Evil Dead and Evil Dead Rise Have Prologue Problems

Even the best, most consistently great horror franchise has two key scenes that fail, and they do so in very different ways. ...

Evil Dead might be the best horror franchise. No other is as consistently strong. All its contemporaries have huge dips in quality while Evil Dead currently has five films and three seasons of a television show that are all good, if not great. This high bar adds extra pressure to future instalments but also makes the few scenes in past films that don’t quite work stick out like a sore thumb. After a rewatch of the franchise, two scenes stood out to me, two scenes with problems: the prologues to 2013’s Evil Dead and 2023’s Evil Dead Rise

In 2013 we were exiting from an era of bad horror. The genre was dominated by self-serious, dark, nasty gorefests, usually remakes of eighties classics. Fede Alvarez’s reboot/reimagining of The Evil Dead could have been just another of these films. It certainly leans on the sensibilities of the time, it’s unapologetically brutal, but it ultimately transcends them into a fun, scary welcome addition to the franchise. The film’s opening scene however feels like one of these lesser 2000s remakes.

The prologue makes very little sense. A possessed girl is captured, tied up, and then burned alive and shot by her father. The filmmakers want to hide that the girl is possessed at first, tricking us into believing she’s a victim. But it’s only tricking the viewer. There is no reason for her to be acting this way; it’s for no one’s benefit but the audience’s. Why would a possessed character stumble through the woods, looking vulnerable, if all the other characters know she is possessed? 

She’s captured by people who seem more like Texas Chainsaw characters than Evil Dead. Deformed characters who play no further part in the film, not fitting with the lore of the series. The scene is designed purely and transparently to be a big, shocking opening to the movie. The film goes from 0 to 100 immediately. There’s no build up to the horror. The opening has no patience or tension. Alvarez doesn’t want to have to wait for the Book of the Dead to appear before he can start killing people. Although, despite the book unleashing things, even the original film couldn’t wait that long, with the evil POV force and a hand being possessed before the book is discovered.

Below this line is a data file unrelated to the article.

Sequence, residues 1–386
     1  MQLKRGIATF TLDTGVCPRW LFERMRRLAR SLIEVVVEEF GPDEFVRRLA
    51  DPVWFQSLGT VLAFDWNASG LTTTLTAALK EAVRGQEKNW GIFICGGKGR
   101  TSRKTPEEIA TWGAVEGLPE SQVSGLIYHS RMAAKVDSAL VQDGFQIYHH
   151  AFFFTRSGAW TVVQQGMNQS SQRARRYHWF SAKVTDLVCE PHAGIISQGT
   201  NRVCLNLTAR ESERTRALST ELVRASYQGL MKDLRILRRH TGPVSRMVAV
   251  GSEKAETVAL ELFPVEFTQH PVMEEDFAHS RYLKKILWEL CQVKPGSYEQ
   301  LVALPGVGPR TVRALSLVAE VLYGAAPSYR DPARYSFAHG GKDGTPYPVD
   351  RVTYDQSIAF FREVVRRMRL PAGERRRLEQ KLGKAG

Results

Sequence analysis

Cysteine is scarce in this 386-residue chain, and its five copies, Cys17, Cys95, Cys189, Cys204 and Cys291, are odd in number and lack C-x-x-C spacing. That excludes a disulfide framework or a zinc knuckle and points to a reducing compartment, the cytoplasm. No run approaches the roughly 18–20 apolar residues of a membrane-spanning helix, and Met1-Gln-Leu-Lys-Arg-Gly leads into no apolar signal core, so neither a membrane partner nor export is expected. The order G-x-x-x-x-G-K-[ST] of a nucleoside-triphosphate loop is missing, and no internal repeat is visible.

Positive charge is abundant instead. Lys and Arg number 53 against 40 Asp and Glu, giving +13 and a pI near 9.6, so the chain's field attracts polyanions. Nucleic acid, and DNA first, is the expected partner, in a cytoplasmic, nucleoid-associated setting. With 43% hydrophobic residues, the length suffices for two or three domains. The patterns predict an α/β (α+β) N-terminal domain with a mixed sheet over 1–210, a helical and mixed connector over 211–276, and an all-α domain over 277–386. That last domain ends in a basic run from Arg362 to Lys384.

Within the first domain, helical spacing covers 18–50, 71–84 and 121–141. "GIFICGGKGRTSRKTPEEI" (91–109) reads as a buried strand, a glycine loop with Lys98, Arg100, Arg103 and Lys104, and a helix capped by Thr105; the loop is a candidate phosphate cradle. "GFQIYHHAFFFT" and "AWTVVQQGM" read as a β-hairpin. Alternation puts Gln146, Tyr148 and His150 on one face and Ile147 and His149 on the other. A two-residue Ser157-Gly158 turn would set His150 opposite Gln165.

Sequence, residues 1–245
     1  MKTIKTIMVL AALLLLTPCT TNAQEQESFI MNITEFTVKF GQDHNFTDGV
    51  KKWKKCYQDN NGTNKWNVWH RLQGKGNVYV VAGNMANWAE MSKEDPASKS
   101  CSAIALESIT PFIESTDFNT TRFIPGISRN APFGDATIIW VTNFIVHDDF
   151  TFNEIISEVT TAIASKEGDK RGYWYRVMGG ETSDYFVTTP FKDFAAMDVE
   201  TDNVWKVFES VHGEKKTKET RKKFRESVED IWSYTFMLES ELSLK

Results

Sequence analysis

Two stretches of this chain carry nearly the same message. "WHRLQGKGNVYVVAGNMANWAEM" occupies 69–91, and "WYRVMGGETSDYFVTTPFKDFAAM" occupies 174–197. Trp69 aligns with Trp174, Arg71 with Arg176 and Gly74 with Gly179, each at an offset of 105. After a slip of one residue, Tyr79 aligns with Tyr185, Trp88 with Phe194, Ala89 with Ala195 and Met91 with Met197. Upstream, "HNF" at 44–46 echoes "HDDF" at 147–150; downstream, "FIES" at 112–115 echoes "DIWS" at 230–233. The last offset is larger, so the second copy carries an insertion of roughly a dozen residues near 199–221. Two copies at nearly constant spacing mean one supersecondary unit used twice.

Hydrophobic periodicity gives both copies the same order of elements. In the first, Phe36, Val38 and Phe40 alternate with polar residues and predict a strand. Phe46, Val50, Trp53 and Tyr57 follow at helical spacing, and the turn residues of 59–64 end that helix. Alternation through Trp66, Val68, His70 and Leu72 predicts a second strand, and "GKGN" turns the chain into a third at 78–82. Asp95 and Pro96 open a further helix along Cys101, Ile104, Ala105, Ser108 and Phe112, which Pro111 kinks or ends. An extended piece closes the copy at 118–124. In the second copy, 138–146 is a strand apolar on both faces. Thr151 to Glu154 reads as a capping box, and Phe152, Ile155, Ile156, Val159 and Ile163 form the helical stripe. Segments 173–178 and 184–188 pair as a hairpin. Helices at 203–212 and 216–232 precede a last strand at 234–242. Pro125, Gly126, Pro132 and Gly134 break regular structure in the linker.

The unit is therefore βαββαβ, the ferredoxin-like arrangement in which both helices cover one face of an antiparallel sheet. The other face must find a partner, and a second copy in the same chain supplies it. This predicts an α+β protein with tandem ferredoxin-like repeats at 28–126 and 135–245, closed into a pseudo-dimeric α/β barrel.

The possessed characters, or deadites, usually have some wit and purpose to what they say. They’re fun and profane but also get to the root of the characters they are mocking, often taunting people psychologically as well as physically. But the opening scene can’t do that. Because we’ve jumped straight into the action, we don’t know these characters. There’s nothing the say about them, so all the demon does is scream “fuck” repeatedly. The scene feels like a much lesser version of The Evil Dead, of which the rest of the film has to convince us otherwise. Thankfully possessed Mia is much better later, with Jane Levy delivering an all-time great horror performance.

This isn’t the last time director Fede Alvarez makes this mistake. Don’t Breathe, a solid movie, begins with a cool shot that ruins the end of the film. I hope he figures out how to begin a horror movie successfully for Alien Romulus.

The opening of 2013’s Evil Dead is the only scene in the film, perhaps the franchise, I dislike. And it’s a strong dislike. By contrast, I really like the opening of Evil Dead Rise. It works in all the ways its predecessor doesn’t. But it has its own problem.